To better explore the relationship between the quality of mother–infant interaction and the infants’ social communicative abilities in the entire sample at T1 and T2, we correlate the infants’ scores in the E.S.C.S. with the dyadic scores in the Feeding Scale and in the Play Scale. The results indicated negative significant correlations between the maternal affective state and the infants’ ability to respond to joint attention (r = -0.557; p < 0.05) and between the interactional conflict and the infants’ ability to both initiating (r = -0.466; p < 0.05) and responding (r = -0.510; p < 0.05) to joint attention at T1. We found a negative correlation between the maternal affective state (the higher the score, the higher the levels of anger and hostility) and the infants’ ability to respond to social interaction (r = -0.517; p < 0.05). There were no significant correlations between mother-infant behaviors during play and the infants’ social communicative abilities in the E.S.C.S. at T1.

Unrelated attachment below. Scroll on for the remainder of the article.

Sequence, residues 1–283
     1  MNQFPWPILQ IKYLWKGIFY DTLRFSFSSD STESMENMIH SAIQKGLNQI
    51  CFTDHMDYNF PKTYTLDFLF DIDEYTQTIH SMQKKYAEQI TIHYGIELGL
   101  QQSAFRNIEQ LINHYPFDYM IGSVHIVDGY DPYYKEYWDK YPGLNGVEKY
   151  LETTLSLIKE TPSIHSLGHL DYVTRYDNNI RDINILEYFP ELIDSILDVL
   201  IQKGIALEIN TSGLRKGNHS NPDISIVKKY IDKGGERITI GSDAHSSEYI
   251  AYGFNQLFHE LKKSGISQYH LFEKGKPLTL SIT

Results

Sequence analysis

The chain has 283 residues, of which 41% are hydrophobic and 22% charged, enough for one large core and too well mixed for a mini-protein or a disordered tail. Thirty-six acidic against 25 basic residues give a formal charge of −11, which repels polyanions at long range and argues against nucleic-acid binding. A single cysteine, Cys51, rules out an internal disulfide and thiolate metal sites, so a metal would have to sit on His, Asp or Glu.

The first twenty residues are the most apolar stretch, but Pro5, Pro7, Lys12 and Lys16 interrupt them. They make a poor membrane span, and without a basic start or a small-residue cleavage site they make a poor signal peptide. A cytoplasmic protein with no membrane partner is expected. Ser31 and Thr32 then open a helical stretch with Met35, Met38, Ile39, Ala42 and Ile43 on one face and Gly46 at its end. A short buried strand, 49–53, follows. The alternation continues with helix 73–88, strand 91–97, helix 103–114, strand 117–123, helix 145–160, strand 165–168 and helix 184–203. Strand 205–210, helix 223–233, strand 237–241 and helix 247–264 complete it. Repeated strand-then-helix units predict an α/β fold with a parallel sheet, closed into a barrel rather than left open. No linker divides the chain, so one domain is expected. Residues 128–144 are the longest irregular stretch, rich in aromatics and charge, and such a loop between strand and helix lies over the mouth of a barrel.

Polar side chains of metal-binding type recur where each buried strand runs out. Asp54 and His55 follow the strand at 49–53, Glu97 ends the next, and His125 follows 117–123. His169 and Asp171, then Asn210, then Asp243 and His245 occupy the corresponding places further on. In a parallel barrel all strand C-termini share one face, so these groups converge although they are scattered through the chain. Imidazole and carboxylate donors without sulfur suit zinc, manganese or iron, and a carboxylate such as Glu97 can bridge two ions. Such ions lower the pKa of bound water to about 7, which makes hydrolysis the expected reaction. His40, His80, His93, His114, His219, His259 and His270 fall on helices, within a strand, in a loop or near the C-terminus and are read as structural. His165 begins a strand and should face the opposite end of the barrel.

At T2, the interactional conflict between mother and infant during feeding was negatively correlated with the infants’ ability to initiating social interaction (r = -0.500; p < 0.05). There was also a negative correlation between dyadic reciprocity (the higher the scores, the lower the dyadic reciprocity) during play and both the infants’ ability to initiate (r = -0.498; p < 0.05) and to respond (r = -0.541; p < 0.05) to joint attention. The maternal non-contingency during play correlated negatively with the infants’ ability to respond to joint attention (r = -0.453; p < 0.05). These correlations, both at T1 and T2, seem to indicate that functional mother–infant interactions seem to promote and support higher socio-communication abilities in the infants.